Sausage Secrets

Discover Traditional Cumberland Sausage in the Fells and Dales Area of Cumbriacumb

Cumberland sausages have a strong regional association with Cumbria and have been a local speciality for around 500 years. The fat coiled ropes of sausage meat are a distinctive sight in many local butchers' windows, with each producer closely guarding their 'secret' recipe.

It is not known how the Cumberland sausage came to acquire its special shape and taste. Perhaps the coiled loops provided the only practical means of combining all the ingredients in a single skin. Another possibility is that they were 'invented' by the German miners who came to Cumbria during Elizabeth 1's reign as a reminder of the thick meaty sausages that the miners were used to eating in Germany.

Whatever the historical provenance of the Cumberland sausage, it soon became a well established feature on the household menu in Cumbria.

Historically, the sausage was more highly seasoned than it is today. This is largely attributed to the influx of exotic spices into Whitehaven during the 18th century when the town prospered as the third largest port in the country. During this time Cumbria was introduced to black pepper, ginger and nutmeg, as well as other foodstuffs such as sugar, molasses and rum. Many of these ingredients have been incorporated into some of Cumbria's local specialities, such as Grasmere Gingerbread and Cumberland Rum Nicky, as well as the spicy Cumberland Sausage.

Up until the 1950s, most farms and many households kept a pig or two as part of their regular husbandry and means of self-sufficiency. Towards the back end of the year, the pig would be killed (or 'butched') and then cured to give the meat its keeping qualities to over the winter period. Pig killing time was an important occasion and all members of the household and even some neighbours would take part in the event. Once the pig had been killed, it would then be hung for a day or two before being cut up. All parts of the pig would be used; the most perishable parts being eaten first (e.g. the offal) with the best cuts of meat often salted and cured for future consumption. The blood would be made into black pudding and the small cuts of meat would be formed into sausages, faggots, pies, etc. Even the intestines found a use - as casings for the sausage meat.

'We ate everything, except squeal. Apart from the head, the snout could be boiled, ears were put into t'brawn, and the tail helped to make a good broth.'

Over time a local variety of pig was bred that was suited to the cooler and wetter climate of Cumbria. It was known as the Cumberland pig - heavy with a thick layer of fat, an upturned snout and ears that flopped forwards. Its meat had a distinctive quality and flavour that was unique to the breed. Unfortunately, the last representative of the breed died at Bothel around 1960 and, with its demise, many of the older generation of farmers believe that real traditional Cumberland sausage would never be tasted again. But local producers are determined to prove them wrong.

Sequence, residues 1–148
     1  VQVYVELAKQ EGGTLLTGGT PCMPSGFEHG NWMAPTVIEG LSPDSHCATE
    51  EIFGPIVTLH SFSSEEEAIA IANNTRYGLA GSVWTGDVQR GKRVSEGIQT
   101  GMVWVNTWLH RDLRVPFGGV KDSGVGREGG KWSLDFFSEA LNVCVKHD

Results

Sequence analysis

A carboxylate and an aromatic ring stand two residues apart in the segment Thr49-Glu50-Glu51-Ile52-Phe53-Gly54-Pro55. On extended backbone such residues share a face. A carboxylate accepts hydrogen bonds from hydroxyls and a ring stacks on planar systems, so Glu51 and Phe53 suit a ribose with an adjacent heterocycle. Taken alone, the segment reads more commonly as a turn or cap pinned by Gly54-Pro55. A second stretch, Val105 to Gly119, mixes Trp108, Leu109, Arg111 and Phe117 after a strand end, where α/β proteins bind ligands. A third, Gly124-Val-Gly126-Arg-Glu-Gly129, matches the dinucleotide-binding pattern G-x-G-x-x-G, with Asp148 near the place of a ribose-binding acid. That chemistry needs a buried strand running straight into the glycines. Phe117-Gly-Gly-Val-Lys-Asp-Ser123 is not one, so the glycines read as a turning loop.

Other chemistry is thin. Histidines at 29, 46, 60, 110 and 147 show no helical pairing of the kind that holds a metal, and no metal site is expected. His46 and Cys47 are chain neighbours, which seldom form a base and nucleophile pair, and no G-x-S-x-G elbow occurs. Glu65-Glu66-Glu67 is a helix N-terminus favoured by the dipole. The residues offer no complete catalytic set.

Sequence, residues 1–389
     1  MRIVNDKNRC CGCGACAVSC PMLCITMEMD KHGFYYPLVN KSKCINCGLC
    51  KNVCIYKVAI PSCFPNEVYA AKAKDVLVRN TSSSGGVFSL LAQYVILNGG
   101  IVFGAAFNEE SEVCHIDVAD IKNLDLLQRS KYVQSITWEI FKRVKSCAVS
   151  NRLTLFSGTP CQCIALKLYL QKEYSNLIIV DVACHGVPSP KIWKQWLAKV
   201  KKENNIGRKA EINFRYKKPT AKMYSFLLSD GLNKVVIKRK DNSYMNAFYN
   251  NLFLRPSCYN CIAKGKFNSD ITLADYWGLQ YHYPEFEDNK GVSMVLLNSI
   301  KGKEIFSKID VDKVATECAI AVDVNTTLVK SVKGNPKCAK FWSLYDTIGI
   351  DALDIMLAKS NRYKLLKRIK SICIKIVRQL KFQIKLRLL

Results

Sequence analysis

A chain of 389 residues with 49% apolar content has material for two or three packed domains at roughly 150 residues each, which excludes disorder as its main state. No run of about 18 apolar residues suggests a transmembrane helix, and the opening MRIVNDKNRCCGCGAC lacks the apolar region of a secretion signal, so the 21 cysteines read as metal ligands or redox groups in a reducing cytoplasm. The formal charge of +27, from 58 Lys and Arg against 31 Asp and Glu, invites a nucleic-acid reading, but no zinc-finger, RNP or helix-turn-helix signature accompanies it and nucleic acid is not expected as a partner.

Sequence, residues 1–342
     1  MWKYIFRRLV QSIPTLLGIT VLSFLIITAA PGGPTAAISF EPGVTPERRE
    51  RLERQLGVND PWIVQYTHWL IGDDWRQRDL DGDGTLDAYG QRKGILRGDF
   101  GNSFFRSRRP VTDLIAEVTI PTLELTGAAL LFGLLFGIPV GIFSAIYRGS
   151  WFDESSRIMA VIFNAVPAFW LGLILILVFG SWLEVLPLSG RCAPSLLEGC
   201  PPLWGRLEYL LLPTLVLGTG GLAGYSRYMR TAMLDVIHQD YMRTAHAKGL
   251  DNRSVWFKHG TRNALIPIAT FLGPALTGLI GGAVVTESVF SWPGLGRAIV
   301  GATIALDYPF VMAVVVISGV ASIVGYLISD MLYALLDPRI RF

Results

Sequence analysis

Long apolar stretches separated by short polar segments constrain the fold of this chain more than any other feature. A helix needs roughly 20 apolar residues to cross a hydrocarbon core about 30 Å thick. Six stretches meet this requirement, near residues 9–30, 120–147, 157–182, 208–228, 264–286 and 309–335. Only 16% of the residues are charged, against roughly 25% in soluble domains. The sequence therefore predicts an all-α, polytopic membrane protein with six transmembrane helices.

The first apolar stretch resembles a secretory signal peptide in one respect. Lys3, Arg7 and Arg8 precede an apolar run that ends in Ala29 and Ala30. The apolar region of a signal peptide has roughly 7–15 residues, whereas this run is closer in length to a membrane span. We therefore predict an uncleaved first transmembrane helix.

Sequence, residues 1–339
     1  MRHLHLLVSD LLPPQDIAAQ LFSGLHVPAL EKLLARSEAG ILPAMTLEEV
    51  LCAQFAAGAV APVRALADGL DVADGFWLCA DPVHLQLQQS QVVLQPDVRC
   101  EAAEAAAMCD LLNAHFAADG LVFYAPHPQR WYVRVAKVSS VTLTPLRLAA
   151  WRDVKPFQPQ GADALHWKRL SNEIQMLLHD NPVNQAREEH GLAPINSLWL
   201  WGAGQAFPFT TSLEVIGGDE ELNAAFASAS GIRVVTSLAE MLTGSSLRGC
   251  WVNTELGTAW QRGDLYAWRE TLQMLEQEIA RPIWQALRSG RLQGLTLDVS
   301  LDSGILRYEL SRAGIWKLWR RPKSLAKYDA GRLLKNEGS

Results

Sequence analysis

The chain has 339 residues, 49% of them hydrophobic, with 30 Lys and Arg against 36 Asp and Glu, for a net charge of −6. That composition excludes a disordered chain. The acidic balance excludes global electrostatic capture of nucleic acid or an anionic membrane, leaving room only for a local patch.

cumbCumberland sausage is identified by its distinctive shape and texture. Most sausages are divided into links but the Cumberland sausage is one continuous rope-like coil that is sold by weight or length. The sausage is typically filled with coarsely chopped pork and black pepper, and sometimes other ingredients such as herbs and other spices. The meat content is high - occasionally up to 98% - but more usually there is at least 85% meat (a mixture of lean and fat) with the remainder being cereal or rusk (to act as a binding agent), spices and other flavourings.

The closely guarded recipes were passed down the generations and, today, many butchers still use recipes that date back a hundred years or more. Often when a shop moved premises, the recipe moved with it. When Peter Myers inherited a 100-year-old recipe from his father (a butcher in Keswick), he took it with him when he emigrated and now sells Cumberland sausage in his New York delicatessen, describing it as 'the best Cumberland sausage west of Allonby'.

The popularity of the Cumberland sausage has become so widespread in recent years that many large food producers started to mass-produce it and, in order to meet demand, sacrificed its original quality and taste. Some outlets are able to sell so-called Cumberland sausages with a meat content as low as 45%, containing emulsified rather than coarse-cut meat and being sold in thin links rather than thick continuous lengths.

The producers of genuine Cumberland sausage are increasingly concerned at this devaluation of their product, and action is being taken to protect the distinctive characteristics of the Cumberland sausage through European legislation. This would give the sausage protected status under the PGI (Protection of Geographical Indication) directive. If successful, this means that the sausage cannot be called traditional Cumberland sausage unless it meets certain criteria to do with its meat content, ingredients, processing and place of origin.

Many European foods now enjoy this protection: Parma ham (which was the first to gain protected status), French wines under the Appellation Contrôlée system and Normandy Cheeses. In the UK, Scotch Beef, Stilton Cheese and Jersey Royal Potatoes (among others) have all gained protected status, with others such as Melton Mowbray Pork Pies and Lakeland Herdwick Lamb in the process of seeking recognition.

The Cumberland Sausage is an obvious candidate for protection through this directive. It is linked to a distinct geographical region, has a strong historical legacy, and is still made today by local producers who have retained the knowledge and skills to make the product to a high standard. A number of producers of Cumberland sausage are working together to secure protection for their product.

Thanks to Leader + Made in Cumbria for above content

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